Steiner says Haas rookies must learn when to take risks with crashes getting ‘too frequent and too heavy’
Guenther Steiner has warned his Haas rookies they must learn when to take risks on track and when to play it safer, with the team’s repair bill rising after a number of heavy – and expensive – crashes in the first half of the season.
Mick Schumacher crashed in final practice for the Hungarian Grand Prix, which meant he was unable to take part in qualifying – the same exact scenario he suffered in Monaco, while he also crashed in qualifying for the French GP, and during the Emilia Romagna GP at Imola.
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In the other car Nikita Mazepin has had crashes at Bahrain, Baku and Imola, and speaking after Schumacher’s most recent shunt in Hungary, Steiner said it had to stop – not least because of the impact on the team’s budget.
“You always plan with accidents, especially with rookie drivers, but we have reached a point now where we have to work on [how] to have less accidents for the rest of the season,” Steiner said. “Mick in the last five races had quite a few big ones – you know if you have a spin or something like this then, that happens, but these accidents are quite heavy.
“It’s a lot of money for no good reason, so we have to work on it to get better on that one, and obviously the budget is the budget – you need to stick to it. At the moment, we feel it but we can still deal with it, but soon we will be in a position where we need to find new ways to overcome this because they’re getting a little bit too frequent and too heavy.”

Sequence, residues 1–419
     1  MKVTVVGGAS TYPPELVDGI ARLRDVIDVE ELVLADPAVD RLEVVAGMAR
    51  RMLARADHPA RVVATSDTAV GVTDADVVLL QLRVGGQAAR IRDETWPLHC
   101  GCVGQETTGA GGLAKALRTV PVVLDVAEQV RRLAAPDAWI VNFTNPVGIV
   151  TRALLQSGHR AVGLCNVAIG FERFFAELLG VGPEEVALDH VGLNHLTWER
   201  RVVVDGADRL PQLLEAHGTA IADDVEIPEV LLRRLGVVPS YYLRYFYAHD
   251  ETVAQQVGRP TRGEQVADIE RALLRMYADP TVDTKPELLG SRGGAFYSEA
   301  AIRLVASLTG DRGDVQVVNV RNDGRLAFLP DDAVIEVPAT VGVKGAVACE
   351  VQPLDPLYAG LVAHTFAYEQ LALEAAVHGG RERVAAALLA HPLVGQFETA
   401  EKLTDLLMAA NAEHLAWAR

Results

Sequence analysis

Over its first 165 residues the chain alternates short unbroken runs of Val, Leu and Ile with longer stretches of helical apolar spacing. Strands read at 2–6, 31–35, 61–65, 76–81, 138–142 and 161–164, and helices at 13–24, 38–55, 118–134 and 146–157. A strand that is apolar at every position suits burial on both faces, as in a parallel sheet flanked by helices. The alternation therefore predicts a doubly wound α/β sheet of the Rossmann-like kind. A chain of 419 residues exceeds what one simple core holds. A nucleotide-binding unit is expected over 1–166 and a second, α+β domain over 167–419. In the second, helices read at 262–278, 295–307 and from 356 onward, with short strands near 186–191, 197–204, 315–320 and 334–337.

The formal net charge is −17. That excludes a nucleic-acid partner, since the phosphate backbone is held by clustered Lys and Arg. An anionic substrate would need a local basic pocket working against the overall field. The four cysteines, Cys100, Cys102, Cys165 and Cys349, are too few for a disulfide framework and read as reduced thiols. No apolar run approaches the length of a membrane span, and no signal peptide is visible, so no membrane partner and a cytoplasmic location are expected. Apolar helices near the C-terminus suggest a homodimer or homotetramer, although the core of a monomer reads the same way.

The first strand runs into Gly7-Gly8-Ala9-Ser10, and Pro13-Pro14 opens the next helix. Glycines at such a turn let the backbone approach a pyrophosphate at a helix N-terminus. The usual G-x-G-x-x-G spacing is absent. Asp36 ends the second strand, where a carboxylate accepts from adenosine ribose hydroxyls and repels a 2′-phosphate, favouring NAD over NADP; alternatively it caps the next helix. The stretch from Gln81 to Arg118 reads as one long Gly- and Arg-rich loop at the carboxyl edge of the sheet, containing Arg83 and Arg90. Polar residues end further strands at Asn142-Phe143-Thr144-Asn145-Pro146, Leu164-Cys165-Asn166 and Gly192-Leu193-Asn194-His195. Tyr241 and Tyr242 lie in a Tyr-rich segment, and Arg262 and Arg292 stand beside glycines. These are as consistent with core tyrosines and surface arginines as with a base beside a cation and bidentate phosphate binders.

Steiner insists he doesn’t want to curb Schumacher and Mazepin’s racing instincts, but rather wants them to be more selective about when to push hard.
“What needs to be explained to young people is, you have to make a judgement: is it worthwhile or not? A [worthwhile] risk would be if you have the opportunity to gain a position in the manufacturers’ championship,” he said.
“Obviously we need to race – I always say, I’m not against racing between the two guys. I’m not telling them not to race, but to minimise the risk of doing damage, which doesn’t help anybody. The risk would be worthwhile, but at the moment we have not an opportunity to get better in the standings of the world championship.”
Haas are currently bottom of the constructors’ standings, three points behind Alfa Romeo, having gone into this season knowing it would be something of a struggle having decided not to develop this year’s car, but rather put their resources into an all-new challenger for 2022.
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